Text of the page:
Introduction to random processes in .NET Printer GS1 - 12 in .NET Introduction to random processes

Introduction to random processes using vs .net toconnect universal product code version a for web,windows application Microsoft .NET Micro Framework does not depend on t. T UPC Symbol for .NET he corresponding condition for discrete-time processes is that P (X1+m , .

. . , Xn+m ) B not depend on the integer time shift m.

If a process is nth order strictly stationary for every positive, nite integer n, then the process is said to be strictly stationary. Example 10.13.

Let Z be a random variable, and put Xt := Z for all t. Show that Xt is strictly stationary. Solution.

Given any n-dimensional set B, P (Xt1 + t , . . .

, Xtn + t ) B = P (Z, . . .

, Z) B , which does not depend on t. Example 10.14.

Show that an i.i.d.

sequence of continuous random variables Xn with common density f is strictly stationary. Solution. Fix any positive integer n and any n-dimensional set B.

Let m be any integer, positive or negative. Then P (X1+m , . .

. , Xn+m ) B is given by . f (x1+m ) f (xn+m ) dx1+m dxn+m . (10.12). Since x1+m , . . .

, xn+ m are just dummy variables of integration, we may replace them by x1 , . . .

, xn . Hence, the above integral is equal to . f (x1 ) f (xn ) dx UPC Symbol for .NET 1 dxn ,. which does not depend on m. It is instructive to see how the preceding example breaks down if the Xi are independent but not identically distributed. In this case, (10.

12) becomes . fX1+m (x1+m ) fXn+m (xn+m ) dx1+m dxn+m . Changing the dummy variables of integration as before, we obtain fX1+m (x1 ) fXn+m UPC-A for .NET (xn ) dx1 dxn ,. which still depends on m . Strict stationarity is a strong property with many implications. If a process is rst-order strictly stationary, then for any t1 and t1 + t, Xt1 and Xt1 + t have the same pmf or density.

. 10.3 Strict-sense and wide-sense stationary processes It then follows that for any function g(x), E[g(Xt1 )] = E[g(Xt1 + t )]. Taking t = t1 shows that E[g(Xt1 )] = E[g(X0 )], which does not depend on t1 . If a process is second-order strictly stationary, then for any function g(x1 , x2 ), we have E[g(Xt1 , Xt2 )] = E[g(Xt1 + t , Xt2 + t )] for every time shift t.

Since t is arbitrary, let t = t2 . Then E[g(Xt1 , Xt2 )] = E[g(Xt1 t2 , X0 )]. It follows that E[g(Xt1 , Xt2 )] depends on t1 and t2 only through the time difference t1 t2 .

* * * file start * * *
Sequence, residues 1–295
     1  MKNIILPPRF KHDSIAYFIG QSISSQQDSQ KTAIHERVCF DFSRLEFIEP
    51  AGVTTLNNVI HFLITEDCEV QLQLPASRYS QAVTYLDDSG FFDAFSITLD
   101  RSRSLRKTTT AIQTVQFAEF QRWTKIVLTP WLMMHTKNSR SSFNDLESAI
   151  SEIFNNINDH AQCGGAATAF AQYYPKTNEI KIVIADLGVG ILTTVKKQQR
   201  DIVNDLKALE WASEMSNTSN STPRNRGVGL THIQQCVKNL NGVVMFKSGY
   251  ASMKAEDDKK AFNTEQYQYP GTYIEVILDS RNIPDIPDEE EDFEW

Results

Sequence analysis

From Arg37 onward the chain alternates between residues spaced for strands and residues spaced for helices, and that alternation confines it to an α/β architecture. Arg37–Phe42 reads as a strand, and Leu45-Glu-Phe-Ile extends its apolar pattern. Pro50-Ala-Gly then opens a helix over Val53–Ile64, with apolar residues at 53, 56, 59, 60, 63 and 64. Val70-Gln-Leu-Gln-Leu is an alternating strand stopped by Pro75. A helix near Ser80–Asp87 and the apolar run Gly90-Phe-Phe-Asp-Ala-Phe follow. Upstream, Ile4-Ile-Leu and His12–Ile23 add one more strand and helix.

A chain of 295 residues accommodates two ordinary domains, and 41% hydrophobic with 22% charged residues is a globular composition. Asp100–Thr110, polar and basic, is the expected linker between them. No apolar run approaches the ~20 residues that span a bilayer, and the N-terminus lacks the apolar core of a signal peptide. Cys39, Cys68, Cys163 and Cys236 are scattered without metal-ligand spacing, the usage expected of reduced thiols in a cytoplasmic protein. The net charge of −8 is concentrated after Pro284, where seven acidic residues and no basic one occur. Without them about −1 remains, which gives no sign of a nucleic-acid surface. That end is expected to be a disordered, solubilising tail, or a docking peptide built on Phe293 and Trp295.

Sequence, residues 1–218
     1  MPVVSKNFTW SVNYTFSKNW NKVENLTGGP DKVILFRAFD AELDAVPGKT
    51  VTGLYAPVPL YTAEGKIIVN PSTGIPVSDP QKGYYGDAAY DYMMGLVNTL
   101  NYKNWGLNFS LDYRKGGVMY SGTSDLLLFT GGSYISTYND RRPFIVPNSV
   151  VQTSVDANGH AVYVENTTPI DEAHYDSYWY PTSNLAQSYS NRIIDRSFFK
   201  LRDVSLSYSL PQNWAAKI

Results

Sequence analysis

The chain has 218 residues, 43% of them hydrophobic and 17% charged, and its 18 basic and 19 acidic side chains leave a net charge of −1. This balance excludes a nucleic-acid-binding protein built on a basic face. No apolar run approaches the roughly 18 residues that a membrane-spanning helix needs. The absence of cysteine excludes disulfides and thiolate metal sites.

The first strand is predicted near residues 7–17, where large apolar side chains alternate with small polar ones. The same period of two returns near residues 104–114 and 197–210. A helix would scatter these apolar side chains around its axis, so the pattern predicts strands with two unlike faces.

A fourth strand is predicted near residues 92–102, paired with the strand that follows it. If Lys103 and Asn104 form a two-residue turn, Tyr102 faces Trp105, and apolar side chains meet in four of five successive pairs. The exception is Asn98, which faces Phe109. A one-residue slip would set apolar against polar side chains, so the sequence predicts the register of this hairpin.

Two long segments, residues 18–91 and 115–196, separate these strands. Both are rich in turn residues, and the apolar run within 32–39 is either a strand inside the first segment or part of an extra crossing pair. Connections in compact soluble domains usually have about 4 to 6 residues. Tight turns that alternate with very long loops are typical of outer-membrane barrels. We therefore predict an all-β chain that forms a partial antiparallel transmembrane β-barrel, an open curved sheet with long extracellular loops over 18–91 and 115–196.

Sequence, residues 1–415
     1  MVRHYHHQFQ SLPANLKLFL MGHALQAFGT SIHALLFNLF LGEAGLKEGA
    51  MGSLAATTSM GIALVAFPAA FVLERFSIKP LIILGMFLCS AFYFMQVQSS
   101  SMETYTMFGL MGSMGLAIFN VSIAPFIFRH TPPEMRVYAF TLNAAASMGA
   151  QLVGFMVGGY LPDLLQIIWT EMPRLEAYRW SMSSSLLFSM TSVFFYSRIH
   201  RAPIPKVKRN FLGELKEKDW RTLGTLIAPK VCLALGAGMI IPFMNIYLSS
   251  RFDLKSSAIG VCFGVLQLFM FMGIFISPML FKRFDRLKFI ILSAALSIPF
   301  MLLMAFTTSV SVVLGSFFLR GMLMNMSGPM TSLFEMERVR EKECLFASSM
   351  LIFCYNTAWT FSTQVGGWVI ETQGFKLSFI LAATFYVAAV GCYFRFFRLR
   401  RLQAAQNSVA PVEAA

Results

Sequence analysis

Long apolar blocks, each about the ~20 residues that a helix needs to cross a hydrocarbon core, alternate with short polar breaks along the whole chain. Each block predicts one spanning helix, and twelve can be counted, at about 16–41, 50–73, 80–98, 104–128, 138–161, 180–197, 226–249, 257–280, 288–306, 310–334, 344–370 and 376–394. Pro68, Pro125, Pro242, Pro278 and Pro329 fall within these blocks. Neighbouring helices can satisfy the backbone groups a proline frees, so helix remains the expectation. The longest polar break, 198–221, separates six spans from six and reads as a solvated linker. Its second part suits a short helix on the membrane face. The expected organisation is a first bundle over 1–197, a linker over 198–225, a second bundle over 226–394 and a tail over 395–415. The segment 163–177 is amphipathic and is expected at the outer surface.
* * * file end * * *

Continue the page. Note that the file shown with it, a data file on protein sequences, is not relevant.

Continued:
Requiring second-order strict stationarity is a strong requirement. In practice, e.g.

, analyzing receiver noise in a communication system, it is often enough to require that E[Xt ] not depend on t and that the correlation RX (t1 ,t2 ) = E[Xt1 Xt2 ] depend on t1 and t2 only through the time difference, t1 t2 . This is a much weaker requirement than second-order strict-sense stationarity for two reasons. First, we are not concerned with probabilities, only expectations.

Second, we are only concerned with E[Xt ] and E[Xt1 Xt2 ] rather than E[g(Xt )] and E[g(Xt1 , Xt2 )] for arbitrary functions g. Even if you can justify the assumption of rst-order strict-sense stationarity, to fully exploit it, say in the discrete-time case, you would have to estimate the density or pmf of Xi . We saw in 6 how much work it was for the i.

i.d. case to estimate fX1 (x).

For a second-order strictly stationary process, you would have to estimate fX1 X2 (x1 , x2 ) as well. For a strictly stationary process, imagine trying to estimate n-dimensional densities for all n = 1, 2, 3, . .

. , 100, . .

. . Wide-sense stationarity We say that a process is wide-sense stationary (WSS) if the following two properties both hold: (i) The mean function E[Xt ] does not depend on t.

(ii) The correlation function E[Xt1 Xt2 ] depends on t1 and t2 only through the time difference t1 t2 . Notation. For a WSS process, E[Xt+ Xt ] depends only on the time difference, which is (t + ) t = .

Hence, for a WSS process, it is convenient to re-use the term correlation function to refer to the the univariate function RX ( ) := E[Xt+ Xt ]. (10.13).

Observe that since t in UCC - 12 for .NET (10.13) is arbitrary, taking t = t2 and = t1 t2 gives the formula E[Xt1 Xt2 ] = RX (t1 t2 ).

(10.14). Example 10.15. In Figure 10.

8, three correlation functions RX ( ) are shown at the left. At the right is a sample path Xt of a zero-mean process with that correlation function..

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